I recently attended a presentation on the new Cub Scout Adventure program. Aimed at Scouters who will be implementing the program starting later this year, it was conducted by a member of the national task force that created the new program. He offered insights into how the committee arrived at its findings and what it hopes to accomplish by moving Cub Scouting forward .
After the presentation I spoke with the instructor. I thanked him for an informative session, and mentioned that I’ve been writing about the changes to the program and how den leaders can do some advance preparation to get ready. I was quickly rebuffed, however, with the warning to be very cautious about putting out anything that isn’t official information directly from the Boy Scouts of America.
Those of us who publish articles and podcasts to help our fellow Scouters are well aware that the only official source of information is from the BSA, and that what we write is not to be considered authoritative. It’s in my disclaimer at the bottom of every page.
However, while the BSA may be the authoritative source, I’ve found it to be heavy on process and procedure and light on little hints and kinks about how to make a volunteer’s experience more productive and enjoyable. That’s why we are here – to point to the official sources, explaining what we found along the way and giving our advice on how we did it.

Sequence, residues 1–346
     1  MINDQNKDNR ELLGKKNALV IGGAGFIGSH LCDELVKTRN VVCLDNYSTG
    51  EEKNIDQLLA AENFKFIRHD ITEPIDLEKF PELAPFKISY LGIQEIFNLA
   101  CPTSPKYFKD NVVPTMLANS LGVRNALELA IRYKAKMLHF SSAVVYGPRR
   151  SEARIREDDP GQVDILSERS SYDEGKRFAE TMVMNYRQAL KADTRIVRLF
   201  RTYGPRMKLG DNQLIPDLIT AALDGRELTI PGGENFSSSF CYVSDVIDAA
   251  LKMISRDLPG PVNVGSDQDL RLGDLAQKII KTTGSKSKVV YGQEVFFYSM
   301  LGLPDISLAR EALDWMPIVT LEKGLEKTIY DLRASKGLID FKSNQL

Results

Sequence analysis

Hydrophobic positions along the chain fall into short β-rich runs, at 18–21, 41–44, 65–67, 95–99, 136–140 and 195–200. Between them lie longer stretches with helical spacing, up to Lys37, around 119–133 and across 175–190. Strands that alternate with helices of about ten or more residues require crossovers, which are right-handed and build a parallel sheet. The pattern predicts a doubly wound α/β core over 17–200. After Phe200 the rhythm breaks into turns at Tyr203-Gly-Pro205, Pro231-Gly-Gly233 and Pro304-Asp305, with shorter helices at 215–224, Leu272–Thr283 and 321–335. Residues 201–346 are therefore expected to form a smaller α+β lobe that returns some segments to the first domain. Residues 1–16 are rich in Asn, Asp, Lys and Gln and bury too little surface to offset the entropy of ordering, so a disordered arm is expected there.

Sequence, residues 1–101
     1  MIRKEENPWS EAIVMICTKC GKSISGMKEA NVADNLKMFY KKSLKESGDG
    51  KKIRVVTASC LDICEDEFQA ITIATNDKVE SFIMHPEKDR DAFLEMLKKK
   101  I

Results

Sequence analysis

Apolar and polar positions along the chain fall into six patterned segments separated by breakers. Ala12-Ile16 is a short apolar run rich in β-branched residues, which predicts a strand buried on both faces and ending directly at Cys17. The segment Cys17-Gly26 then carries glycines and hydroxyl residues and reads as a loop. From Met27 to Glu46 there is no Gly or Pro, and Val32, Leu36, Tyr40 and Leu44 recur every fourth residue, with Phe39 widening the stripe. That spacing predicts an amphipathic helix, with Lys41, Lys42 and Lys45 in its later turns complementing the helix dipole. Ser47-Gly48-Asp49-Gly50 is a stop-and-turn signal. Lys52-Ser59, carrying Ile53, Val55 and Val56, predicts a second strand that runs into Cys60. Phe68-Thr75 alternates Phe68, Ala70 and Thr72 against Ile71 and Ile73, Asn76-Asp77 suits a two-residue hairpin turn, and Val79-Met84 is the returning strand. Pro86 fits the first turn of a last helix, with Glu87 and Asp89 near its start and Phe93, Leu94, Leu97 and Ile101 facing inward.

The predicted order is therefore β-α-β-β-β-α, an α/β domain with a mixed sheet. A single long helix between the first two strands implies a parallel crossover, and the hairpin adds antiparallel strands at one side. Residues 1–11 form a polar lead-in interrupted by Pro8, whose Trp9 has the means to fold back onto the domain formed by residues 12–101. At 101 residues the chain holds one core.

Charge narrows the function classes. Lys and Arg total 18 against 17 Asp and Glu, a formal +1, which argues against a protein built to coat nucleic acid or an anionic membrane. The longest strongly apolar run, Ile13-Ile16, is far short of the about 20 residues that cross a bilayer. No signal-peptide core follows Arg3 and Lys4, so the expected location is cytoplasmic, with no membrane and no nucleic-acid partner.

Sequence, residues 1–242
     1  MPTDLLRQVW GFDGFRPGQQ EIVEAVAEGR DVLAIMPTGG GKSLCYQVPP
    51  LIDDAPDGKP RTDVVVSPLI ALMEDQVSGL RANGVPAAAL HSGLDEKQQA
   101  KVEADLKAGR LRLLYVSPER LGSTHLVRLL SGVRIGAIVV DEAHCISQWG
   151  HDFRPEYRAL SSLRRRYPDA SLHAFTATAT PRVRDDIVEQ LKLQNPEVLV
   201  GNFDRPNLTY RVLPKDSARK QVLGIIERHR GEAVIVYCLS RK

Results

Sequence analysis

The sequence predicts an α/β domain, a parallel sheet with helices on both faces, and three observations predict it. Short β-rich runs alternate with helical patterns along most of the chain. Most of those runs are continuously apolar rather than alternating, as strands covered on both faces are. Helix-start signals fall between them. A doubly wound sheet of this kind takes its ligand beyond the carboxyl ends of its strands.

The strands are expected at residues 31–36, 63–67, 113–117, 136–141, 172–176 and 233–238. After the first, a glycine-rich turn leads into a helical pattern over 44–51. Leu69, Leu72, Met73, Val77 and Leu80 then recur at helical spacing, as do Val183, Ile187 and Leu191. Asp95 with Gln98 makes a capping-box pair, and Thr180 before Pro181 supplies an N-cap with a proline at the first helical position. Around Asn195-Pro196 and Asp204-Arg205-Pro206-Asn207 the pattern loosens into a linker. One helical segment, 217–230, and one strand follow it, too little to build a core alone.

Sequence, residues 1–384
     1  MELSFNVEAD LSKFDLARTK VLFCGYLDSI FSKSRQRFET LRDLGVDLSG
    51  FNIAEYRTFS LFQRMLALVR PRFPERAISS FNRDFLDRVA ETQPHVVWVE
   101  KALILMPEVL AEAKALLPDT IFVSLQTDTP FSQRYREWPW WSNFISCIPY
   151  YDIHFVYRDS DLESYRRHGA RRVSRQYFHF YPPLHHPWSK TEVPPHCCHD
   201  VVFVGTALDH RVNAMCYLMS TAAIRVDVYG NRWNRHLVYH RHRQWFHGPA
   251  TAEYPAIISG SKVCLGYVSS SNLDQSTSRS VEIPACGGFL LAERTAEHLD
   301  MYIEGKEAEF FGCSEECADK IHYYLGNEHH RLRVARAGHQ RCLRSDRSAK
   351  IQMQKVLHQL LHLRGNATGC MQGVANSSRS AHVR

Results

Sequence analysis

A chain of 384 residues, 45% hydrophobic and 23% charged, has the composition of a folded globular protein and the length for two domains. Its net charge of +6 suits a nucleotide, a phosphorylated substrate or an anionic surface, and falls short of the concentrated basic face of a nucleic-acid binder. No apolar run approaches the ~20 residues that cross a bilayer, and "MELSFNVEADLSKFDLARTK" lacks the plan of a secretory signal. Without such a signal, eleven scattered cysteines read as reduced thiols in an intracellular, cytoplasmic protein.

The series on changes to the Cub Scout program is an example. You can read the requirements and follow the leader guides all you want, but you won’t find those reminders to schedule those outdoor adventures when the weather’s best, or to call your police department or nature center well ahead of time to set up a visit.
Another service I try to provide – one that the BSA lacks resources in – is personal leadership development. I’ve written, for example, about how to deal with interpersonal issues on your troop committee, how to recognize when you’re getting burned out, and ways you can help your fellow Scouters. These are things you’re more likely to discuss around the campfire than at any training session.
The official BSA materials give you the what and the who – but we try to fill in with the why and the how.
Image: Idea Go – freedigitalphotos.net